Your organization and website is fabulous and inspiring to anyone who takes the time to explore its contents. IAMPETH should advertise more to the general public if in fact they want more usage and coverage and resurrection of proper penmanship.

I am planning to join and would love to be able to attend the convention next year in my hometown of Louisville if I am able to move back to Kentucky next year as hoped. Being fully disabled from employment and also a Disabled Veteran, it is a struggle to get the money together for the move.

God Willing...

Phil Talegas — California


Just spectacular 

dejv — Berlin


I stumbled onto your web site, I really enjoyed it, My dad taught penmanship in the seminary where he was going to school in the first part of the last century, he passed away when I was young, I always admired good penmanship so I will see if I can learn.

Debbie — Hanford, CA


Hello, I am very new to Calligraphy and found IAMPETH through another calligraphy site. I would like to know more about membership. What are in the online journals? Thank you for your help.

Debbie S

****IAMPETH Response****

You can find out more about how to join IAMPETH by visiting the membership page here:     

Membership includes the quarterly Journal, which includes articles, photos of work, information about the members and the annual convention.  Membership also includes acess to the online discussion Forum, where members share information, ask questions, and stay in contact.  Current IAMPETH members are always the first to be able to register for the convention each year. 

Kathy Saunders

IAMPETH Corresponding Secretary


Michael Martin — Indiana


I have been reading all (most) of the articles on your site. I am almost convinced to join.  The lessons were very helpful. I wonder about your forum. A lot of the forums I have been to seem to have quite a lag in communication. Sometimes I think it would be helpful to be able to chat with the group on  some questions. ( and not have to wait 30 days for a reply...)

As for my interest,  a while back I had a stroke that affected my left side and retired me from work for good. Naturally, I am left handed. So, I grabbed a pencil and started learning to write with the right hand.  I got to thinking, why not do it right this time, and thats when I got intrested.  So far I've enjoyed it, and found it quite relaxing!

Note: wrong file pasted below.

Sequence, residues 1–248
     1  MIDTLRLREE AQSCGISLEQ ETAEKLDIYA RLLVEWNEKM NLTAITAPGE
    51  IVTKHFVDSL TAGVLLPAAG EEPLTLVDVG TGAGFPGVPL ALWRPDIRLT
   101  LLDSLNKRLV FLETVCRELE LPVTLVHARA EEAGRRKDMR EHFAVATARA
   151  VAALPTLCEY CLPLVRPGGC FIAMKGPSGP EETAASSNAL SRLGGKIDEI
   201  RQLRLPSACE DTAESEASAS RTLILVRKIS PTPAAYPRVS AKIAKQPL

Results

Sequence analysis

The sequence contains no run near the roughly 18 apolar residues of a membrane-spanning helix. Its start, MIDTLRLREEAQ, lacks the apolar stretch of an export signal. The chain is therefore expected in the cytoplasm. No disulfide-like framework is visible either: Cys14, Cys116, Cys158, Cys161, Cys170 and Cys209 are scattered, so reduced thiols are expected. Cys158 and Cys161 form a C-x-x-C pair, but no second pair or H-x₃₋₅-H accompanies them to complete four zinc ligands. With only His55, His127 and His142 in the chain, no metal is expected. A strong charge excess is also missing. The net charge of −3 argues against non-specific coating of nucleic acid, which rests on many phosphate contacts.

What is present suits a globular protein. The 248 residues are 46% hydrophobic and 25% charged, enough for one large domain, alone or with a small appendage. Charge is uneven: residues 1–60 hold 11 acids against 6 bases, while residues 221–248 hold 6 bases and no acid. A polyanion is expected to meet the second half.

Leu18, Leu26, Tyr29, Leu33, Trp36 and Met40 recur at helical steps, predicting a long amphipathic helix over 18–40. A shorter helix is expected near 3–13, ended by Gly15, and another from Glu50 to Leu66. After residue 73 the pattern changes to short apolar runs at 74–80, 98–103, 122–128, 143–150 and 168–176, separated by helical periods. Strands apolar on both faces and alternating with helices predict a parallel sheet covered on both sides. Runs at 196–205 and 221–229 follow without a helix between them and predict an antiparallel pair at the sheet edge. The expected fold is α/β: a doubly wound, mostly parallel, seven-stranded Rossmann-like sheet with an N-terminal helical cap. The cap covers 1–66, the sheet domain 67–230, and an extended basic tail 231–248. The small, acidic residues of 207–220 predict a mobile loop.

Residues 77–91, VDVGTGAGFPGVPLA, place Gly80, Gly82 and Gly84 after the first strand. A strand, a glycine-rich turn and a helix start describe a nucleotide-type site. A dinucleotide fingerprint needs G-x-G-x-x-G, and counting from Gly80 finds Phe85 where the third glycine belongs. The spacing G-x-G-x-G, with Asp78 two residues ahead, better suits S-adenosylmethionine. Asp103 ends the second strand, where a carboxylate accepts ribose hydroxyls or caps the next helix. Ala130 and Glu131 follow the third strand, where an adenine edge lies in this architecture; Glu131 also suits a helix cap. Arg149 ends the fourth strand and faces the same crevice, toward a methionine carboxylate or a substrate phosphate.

****IAMPETH Response****

Our forums are quite active.  Many of our members participate in the discussions there regularly.  You will typically receive an answer within hours.  I'll take this opportunity to welcome you in advance!

Kathy Saunders

IAMPETH Corresponding Secretary

Nancy Schaub — Pennsylvania


May a non-educator in penmanship also join IAMPETH?  I was taught Palmer method in grade school and despite age and arthritic changes to my hands, I strive to preserve my penmanship and also to learn Copperplate.  Thank you. 


****IAMPETH Response*****

Of course! Anyone with an interest in handwriting or calligraphy is welcome to join IAMPETH!  I hope you will enjoy all of the information on the website, and the quarterly Journal magazine.  You'll also be welcome to follow the conversations in the IAMPETH Forum discussion group.

Kathy Saunders

IAMPETH Corresponding Secretary

John Hager — New York, US


I have studied all forms of handwriting from questioned to profiling from handwriting for many years. While looking up another matter, I saw your site and electronically came right over. This is an amazing site. When I finish this I will join. Thank you so very much for allowing us to look further into the art of handwriting.





Susan Schroeder — Southern California


I am a self employed Baby Boomer who has always had a passion for Penmanship and Calligraphy.   I have been looking for classes both through the local "JC's" and on line.  I found the IAMPETH website through Pinterest and was impressed with the resources available to members.  Could I be contacted, via email, when the 2016 membership opens for new applicants?


***IAMPETH Response***

Membership will reopen on Saturday, March 26th, after 2016 convention registration has been completed.   Welcome, in advance! 

Kathy Saunders

IAMPETH Corresponding Secretary


Linda D. Bowman — South Carolina


I am a poet and I am new to calligraphy. This site will be a great help to using my poetry for cards, plaques, etc. Thank you

Katherine T. — Florida


I found this website after some research and seeing some posts online with the tag #iampeth. I am new at calligraphy and am left-handed.  I am quite impressed by the resources you have for us left handed folk! Thank you!

Linda — Pittsburgh, PA


just restarting with calligraphy after years off.    So happy I found this site. 

One question i have as i am exploring your site... i have never used an oblique pen.  Are there specific styles that this should and should not be used for?  My goal for 2016 is to get comfortable with Copperplate but most everything I have done to this point is basic stuff. 

Plus are there local places to get one on one help?


**IAMPETH Response**

Welcome!  The oblique pen holder is used for Engrosser's Script (sometimes refered to as copperplate), Spencerian, and other styles of Ornamental Penmanship.  The oblique holder will put your flexible penpoint at the proper angle for shading the letters.  You might find a Speedball oblique holder at your local art store, but they are not the best choice, and cannot be adjusted at all.  You can shop for a basic oblique holder at John Neal Bookseller, and at Paper & Ink Arts.  Links are below.

Then you should refer to the beginner instructions on the IAMPETH website here:

You can download Joe Vitolo's interactive book for Mac & ipad users, Script in the Copperplate Style here:

It is also available as a pdf file for PC users here:

You might also want to check out your local calligraphy guild in Pittsburgh, PA, here:

Have fun! 

Kathy Saunders, IAMPETH Corresponding Secretary